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Our morning takes us to Mattancherry (or Jewtown as it is commonly known), a historic district just to the south of Ft. Cochin. This area houses both the maharaja's palace and the oldest synagogue in Asia, right next to each other. Although the current Jewish population is minute, this area shows its history through the Star of David decorations on ironwork and Jewish surnames on most businesses.
The synagogue is small but filled with ornate treasures. The floor is tiled with hand-painted Chinese tiles, and the ceiling is crowded with chandeliers donated over the years, most European. Next to the synagogue is the palace, called the Dutch palace due to the source of funding not the architecture. Outside it looks like a warehouse rather than a palace, but the interior is much nicer. The murals are the highlight here, showing scenes of the Ramayana and of the gods.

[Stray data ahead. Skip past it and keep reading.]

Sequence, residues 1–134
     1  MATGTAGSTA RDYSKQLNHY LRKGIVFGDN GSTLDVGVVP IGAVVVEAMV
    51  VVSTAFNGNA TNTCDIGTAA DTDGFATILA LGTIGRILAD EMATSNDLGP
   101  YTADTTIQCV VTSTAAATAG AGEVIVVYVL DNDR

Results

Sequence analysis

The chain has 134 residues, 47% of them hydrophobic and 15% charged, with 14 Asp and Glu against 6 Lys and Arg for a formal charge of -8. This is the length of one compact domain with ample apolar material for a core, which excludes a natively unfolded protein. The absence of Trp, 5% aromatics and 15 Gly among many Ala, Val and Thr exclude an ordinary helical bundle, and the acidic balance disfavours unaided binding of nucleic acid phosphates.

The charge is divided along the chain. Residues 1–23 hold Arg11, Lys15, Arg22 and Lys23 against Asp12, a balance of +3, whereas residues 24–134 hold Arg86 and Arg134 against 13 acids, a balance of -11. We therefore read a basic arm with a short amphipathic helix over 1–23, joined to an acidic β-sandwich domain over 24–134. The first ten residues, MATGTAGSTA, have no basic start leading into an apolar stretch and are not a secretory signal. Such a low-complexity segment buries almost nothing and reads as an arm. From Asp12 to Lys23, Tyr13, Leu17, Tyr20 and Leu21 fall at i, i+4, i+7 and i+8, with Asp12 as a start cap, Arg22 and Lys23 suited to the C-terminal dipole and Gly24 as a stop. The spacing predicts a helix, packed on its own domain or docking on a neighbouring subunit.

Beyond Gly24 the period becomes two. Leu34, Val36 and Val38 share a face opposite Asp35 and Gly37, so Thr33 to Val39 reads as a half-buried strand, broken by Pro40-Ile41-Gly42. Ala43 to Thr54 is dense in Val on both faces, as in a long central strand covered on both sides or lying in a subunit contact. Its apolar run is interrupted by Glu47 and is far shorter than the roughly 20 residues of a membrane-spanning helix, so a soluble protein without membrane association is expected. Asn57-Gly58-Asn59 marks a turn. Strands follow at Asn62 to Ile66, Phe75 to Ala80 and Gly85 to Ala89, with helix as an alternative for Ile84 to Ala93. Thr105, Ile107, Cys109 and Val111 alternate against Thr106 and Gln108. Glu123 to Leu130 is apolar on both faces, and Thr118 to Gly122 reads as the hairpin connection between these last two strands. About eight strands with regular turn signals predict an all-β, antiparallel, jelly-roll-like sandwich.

The afternoon is free so we spend a quiet time reading and enjoying the grounds. Afternoon tea is a highlight, with well-brewed first flush Darjeeling in a nice lounge. Unfortunately the garish Christmas decorations and incessant Christmas music continues, which does rather spoil the mood.
The pool is particularly interesting, with an elephant motif and set right next to the shore. For dinner we try Cochin's best (and only) Thai restaurant. It's not terribly good, but a nice change of pace and a lovely rest in a lovely place.
One interesting note on our stay in Cochin is that the government requested a hiatus on shipping for fear of recurrence of the tidal wave. One treat this affords is an unobstructed view of the river dolphins.